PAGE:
• Vermeer's "The Kitchen Maid" (probably my favorite of the entire museum)
  • Rembrandt's "The Night Watch" (which is huge, but Marjon explained that sadly it was chopped down in size to make it fit on the buyer's wall)
 
 
There were many other Rembrandt's and one other Vermeer, but those were my favorites; there were also tons of gorgeous landscapes and stuff by Jan Steen and some very cool still lives. I also learned that some artists had images that would repeat between their paintings - kind of like stock images or a hand done "clip art", for example a type of cloud of rock or style of painting background trees.
 
It was a long walk from there to dinner, but well worth it. The restaurant was Indrapura, an Indonesian Restaurant, in Rembrandt Square. The other "special eaters" and I were put at a specific table. We were all so dehydrated! Our table had three pitchers of water and each was refilled probably eight or nine times - our waiter at one point told us to save room for food! The food was delicious, although some of it was a bit spicy for me, but I made sure to try everything. Seriously the best meal I've had so far.
 
Back at the hostel we were assigned our rooms and then let free for the night. Kim, Sam, and I were in a room with another triple of girls from the castle, which was nice because we didn't have to stay with strangers. But we've really been spoiled; I'm sure this is the nicest hostel we'll have until Berlin.

Kim, Brad, Sam, and I decided to go out, so we caught the tram to Dam Square. Funny story there: we asked for help in making sure we were going the right way, and got it. (In every tram there's a driver and a person towards the back who controls the doors and helps people who don't have chip cards or day passes. Every one I've met so far is extremely nice and helpful.) But when we got to the stop, and tapped our passes at the gates to exit (tap-on, tap-off system), the gates would not open. "Push the green button!" came over the tram intercom after a few seconds of us struggling xD

I led them to the Red Light District, which Rob had pointed out the location of but had not taken us there himself. That was quite an experience! There are a few main canal streets connected by little alleys. At first it's just sex shops and coffee shops and a few red-lit windows with a scantily clad woman. But the side alleys - totally different story. We were a little freaked so we followed some women cops on horses down an alley. It was literally bleeding red light, and FULL of people (some tourists, some not). Window after window after window of women. It was very surreal. They dance and tap on the glass to get your attention and open their doors to talk to you. I was happy to see, however, that they all look like real people. Sure, some are thin, but most are normal height and size and not wearing a crazy amount of makeup. And some are even well-covered, although not many. (Also: this is a place you DO NOT take photos. It's understood. And if it wasn't, earlier in the day a girl from the castle got a red bull thrown at her head when she took a photo here.)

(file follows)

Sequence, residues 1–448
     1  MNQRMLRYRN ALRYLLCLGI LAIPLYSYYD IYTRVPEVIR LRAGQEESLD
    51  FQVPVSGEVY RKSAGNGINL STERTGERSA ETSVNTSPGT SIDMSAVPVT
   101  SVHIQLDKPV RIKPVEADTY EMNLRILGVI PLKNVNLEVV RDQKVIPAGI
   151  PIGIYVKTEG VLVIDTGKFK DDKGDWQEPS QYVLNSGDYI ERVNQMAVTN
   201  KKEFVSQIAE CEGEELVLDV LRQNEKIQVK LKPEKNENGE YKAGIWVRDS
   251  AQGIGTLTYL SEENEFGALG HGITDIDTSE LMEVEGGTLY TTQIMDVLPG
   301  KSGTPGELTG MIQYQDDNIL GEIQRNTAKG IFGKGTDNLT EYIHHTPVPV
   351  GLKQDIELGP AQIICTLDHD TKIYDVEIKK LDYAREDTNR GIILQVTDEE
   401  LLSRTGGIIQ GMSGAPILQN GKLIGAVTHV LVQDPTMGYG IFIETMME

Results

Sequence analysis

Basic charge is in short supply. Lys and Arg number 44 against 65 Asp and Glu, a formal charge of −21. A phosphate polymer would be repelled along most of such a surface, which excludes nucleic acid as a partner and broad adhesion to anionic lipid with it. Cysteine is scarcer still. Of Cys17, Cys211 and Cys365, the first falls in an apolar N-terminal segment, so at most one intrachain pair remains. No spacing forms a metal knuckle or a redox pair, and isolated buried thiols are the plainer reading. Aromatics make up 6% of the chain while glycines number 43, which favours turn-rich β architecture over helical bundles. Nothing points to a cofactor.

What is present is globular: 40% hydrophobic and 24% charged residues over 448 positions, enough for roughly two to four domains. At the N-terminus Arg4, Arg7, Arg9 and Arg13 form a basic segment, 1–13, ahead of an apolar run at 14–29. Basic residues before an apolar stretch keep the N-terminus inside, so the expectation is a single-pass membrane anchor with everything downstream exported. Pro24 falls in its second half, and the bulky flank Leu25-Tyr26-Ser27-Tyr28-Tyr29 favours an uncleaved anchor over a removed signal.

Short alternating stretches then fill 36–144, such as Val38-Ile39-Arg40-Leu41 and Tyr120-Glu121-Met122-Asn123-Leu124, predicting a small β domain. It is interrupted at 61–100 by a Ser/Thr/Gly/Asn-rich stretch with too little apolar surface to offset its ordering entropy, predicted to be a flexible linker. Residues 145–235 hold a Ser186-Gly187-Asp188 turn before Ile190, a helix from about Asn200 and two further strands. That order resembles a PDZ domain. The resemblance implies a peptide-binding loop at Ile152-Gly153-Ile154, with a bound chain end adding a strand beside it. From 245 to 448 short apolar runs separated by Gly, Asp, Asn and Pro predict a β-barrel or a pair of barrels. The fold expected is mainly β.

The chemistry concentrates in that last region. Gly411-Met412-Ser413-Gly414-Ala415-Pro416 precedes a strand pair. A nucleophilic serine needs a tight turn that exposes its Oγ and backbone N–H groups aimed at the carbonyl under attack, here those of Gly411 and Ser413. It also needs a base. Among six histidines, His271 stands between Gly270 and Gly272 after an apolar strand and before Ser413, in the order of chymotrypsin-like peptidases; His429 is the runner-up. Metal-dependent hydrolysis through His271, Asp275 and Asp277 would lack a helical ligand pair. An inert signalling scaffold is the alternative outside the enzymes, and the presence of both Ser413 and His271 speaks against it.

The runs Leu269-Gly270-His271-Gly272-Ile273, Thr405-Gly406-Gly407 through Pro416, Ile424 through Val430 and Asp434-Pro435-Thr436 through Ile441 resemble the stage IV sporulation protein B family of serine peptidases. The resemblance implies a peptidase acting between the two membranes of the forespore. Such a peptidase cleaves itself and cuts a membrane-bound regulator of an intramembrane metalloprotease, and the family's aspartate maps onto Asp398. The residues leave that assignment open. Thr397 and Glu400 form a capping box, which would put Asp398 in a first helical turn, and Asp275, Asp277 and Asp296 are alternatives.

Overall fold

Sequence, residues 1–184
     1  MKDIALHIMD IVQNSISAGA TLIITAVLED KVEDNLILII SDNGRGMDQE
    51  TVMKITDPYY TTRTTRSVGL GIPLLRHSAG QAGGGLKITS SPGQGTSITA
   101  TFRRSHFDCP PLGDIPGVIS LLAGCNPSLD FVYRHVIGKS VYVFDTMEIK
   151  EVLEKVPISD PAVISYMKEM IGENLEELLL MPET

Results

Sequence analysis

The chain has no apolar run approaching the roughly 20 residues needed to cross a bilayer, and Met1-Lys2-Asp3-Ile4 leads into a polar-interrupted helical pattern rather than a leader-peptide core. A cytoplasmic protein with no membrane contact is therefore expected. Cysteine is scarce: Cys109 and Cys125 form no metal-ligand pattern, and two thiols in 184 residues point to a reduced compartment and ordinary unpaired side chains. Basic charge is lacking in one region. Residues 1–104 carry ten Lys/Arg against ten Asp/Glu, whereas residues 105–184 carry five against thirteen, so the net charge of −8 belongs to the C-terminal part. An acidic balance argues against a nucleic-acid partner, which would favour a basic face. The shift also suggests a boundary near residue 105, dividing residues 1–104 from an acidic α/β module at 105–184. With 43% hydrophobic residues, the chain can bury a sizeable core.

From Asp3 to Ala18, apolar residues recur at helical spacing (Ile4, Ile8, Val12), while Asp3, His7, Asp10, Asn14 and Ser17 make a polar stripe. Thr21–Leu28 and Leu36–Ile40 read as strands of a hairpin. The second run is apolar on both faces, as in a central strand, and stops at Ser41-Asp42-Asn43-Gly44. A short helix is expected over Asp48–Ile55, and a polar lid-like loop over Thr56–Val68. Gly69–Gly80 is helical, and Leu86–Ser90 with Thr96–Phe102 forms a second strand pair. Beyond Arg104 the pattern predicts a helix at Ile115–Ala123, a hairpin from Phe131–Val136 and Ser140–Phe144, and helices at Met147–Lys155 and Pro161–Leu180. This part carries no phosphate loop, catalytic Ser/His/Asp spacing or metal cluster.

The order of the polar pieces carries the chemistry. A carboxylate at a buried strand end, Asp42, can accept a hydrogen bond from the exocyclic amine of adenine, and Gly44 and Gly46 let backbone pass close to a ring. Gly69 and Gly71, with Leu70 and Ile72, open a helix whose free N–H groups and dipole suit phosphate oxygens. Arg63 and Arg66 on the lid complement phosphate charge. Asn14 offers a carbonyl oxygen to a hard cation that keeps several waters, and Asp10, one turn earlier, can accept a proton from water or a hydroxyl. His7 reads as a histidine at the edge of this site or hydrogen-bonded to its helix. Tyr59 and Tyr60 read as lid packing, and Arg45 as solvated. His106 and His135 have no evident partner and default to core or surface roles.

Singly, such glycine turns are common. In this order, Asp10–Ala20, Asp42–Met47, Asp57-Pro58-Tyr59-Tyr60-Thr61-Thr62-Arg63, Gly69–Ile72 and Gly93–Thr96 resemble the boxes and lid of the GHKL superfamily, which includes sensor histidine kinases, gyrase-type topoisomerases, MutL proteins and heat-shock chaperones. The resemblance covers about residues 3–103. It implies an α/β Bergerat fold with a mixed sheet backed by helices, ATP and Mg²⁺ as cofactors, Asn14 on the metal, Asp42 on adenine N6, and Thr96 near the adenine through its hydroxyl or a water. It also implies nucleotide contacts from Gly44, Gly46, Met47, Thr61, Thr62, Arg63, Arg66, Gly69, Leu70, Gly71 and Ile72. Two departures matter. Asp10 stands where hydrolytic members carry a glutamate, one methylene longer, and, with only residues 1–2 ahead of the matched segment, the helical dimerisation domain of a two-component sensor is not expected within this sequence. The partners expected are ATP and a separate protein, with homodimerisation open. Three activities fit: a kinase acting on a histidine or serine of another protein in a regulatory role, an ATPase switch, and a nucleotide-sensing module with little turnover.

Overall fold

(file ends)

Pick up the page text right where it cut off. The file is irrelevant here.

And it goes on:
After that, we walked around for a little enjoying the general nightlife and the buildings before deciding to call it a night. Getting home was a trick. We knew we needed the 14 tram, but it just wasn't coming. We checked the schedule, we waited for almost an hour, almost got on one going in the wrong direction - it just wasn't happening. So I devised a plan to take the 9 tram to within walking distance (there was no way we could walk from Dam Square). Once on, Kim asked the woman in our car for help. She was very kind and told us she'd drop us off at a stop, where the last 14 of the night would come by. She announced the stop in both Dutch and English, for us. It was a bit chilly on the other stop, but we were happy to actually be on the way home! By the time we got back it was later than we had intended. Hung out with castle people in the lobby of StayOkay (you can only get internet in the lobby so it was a popular spot) before heading to bed.
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Comments

Mn on

Great photos!!

travel4eternity
travel4eternity on

Mom, I haven't posted any yet haha

Mn on

My point exactly

travel4eternity
travel4eternity on

Oh. Working on it.